ike Bartlett’s dramas vary wildly in style but also in quality: the elegant, deeply thoughtful works are balanced by sketchier ones. This contemporary Restoration comedy, starring Bartlett’s sometime-muse Rachael Stirling as a modern social (media) climber, is one of the latter.
It’s laugh-out-loud funny at times but its discussions of freedom, liberty and responsibility – not to mention some last-minute gags about partygate – are schematic. It feels like Bartlett – whose blank verse drama The 47th, about a Trump run in 2024, opened at the Old Vic last week – wrote it to prove he could once again do something that no one else is doing.
He plays with old and new concepts of virtue, pitting puritanically right-on youth against a selfish, hypocritical older guard. Young idealist Phoebe (Cecilia Appiah) travels to London to save her twin brother Jack (Matthew Broome) from the mire of sex, drugs, and right-wing attitudes into which she fears he’s sunk. The capital, just emerging from “a plague”, is a hedonistic, cynical place, where gratuitous offensiveness is more likely to get you a TV deal than get you cancelled. Sound familiar?
Alongside Stirling’s controversialist Lady Climber there’s Dennis Hedge, a working-class entrepreneur made good, caricatured Tory MP Matt Eton, and a smug TV exec, Rosalind Double-Budget (“DOO-blay BOO-zhay,” she corrects), whose virginal son wants to be the new Ken Loach. The rest of the younger guard are represented by a PR consultant with an axe to grind, an anti-capitalist waitress and a gay flatmate whose name, Freddie Peripheral, sets up a long-running gag.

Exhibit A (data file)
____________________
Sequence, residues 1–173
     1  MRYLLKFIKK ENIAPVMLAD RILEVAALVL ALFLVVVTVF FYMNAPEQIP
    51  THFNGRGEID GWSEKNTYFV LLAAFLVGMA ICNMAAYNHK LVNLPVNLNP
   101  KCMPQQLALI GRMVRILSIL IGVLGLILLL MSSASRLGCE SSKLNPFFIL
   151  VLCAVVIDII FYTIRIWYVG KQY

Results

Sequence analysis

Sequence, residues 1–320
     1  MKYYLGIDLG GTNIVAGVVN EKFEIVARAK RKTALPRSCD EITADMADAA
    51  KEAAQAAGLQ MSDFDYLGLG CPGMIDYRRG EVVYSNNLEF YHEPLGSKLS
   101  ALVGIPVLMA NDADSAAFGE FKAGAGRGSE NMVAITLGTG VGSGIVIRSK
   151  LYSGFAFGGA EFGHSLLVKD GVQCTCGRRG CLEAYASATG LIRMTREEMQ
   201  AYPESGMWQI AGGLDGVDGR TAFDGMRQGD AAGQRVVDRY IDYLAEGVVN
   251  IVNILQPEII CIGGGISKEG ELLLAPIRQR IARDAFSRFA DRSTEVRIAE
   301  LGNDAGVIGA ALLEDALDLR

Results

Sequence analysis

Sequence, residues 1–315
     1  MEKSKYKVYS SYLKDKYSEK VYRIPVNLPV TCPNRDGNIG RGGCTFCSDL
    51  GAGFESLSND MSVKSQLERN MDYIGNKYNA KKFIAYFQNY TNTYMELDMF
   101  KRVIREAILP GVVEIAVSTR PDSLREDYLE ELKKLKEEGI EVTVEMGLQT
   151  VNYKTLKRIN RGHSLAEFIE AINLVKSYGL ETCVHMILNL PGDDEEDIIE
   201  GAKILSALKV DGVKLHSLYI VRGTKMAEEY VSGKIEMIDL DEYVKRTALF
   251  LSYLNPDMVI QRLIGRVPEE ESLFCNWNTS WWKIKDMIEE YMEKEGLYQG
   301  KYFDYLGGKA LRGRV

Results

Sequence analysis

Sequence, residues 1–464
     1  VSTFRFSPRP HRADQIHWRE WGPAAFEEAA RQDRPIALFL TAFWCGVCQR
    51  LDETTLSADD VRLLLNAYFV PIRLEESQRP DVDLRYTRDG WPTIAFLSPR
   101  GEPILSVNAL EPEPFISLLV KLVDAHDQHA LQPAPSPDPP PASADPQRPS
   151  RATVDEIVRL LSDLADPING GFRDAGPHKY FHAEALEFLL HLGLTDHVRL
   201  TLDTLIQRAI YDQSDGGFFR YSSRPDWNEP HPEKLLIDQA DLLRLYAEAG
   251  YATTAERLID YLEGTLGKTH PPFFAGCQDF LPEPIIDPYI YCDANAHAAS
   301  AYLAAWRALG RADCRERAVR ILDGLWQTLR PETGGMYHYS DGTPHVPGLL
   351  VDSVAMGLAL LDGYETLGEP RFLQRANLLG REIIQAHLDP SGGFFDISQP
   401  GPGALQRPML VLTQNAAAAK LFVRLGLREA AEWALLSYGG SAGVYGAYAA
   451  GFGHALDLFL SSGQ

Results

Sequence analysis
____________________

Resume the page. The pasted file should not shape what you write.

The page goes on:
Multiple cases of mistaken identity at a Netflix costume party lead various characters out of their sexual comfort zones – Matt Eton crosses the floor in more ways than one. As always with Bartlett, the writing itself is elegant: the mashup of Restoration cadences and modern argot is spot on. The thinking behind it is hazy, though.
The idea that social justice is a religion for the young, and that the contract between the individual and society must be endlessly renegotiated, are half-heartedly discussed. The suggestion that new and old media distract us from what’s really important isn’t exactly new. The play paddles through the shallows of the culture wars while evading the treacherous depths.
Rachel O’Riordan’s production is deliberately mannered, dealing with archetypes rather than fully-fleshed characters in true Restoration style. Appiah has as much fun with Phoebe’s preachy prattle as Stirling does with Lady Climber’s vampy self-interest, but many of the performances are flat.
Set designer team Good Teeth make use of backdrops and two-dimensional cloudscapes, while Kinnetia Isidore’s costumes are garishly bizarre. Altogether the effect is showy but insubstantial. One comes away with the sense of having watched and enjoyed a diverting confection, a stylish exercise in pastiche with a gloss of contemporary debate, but ultimately superficial.
Lyric Hammersmith, until 14 May; lyric.co.uk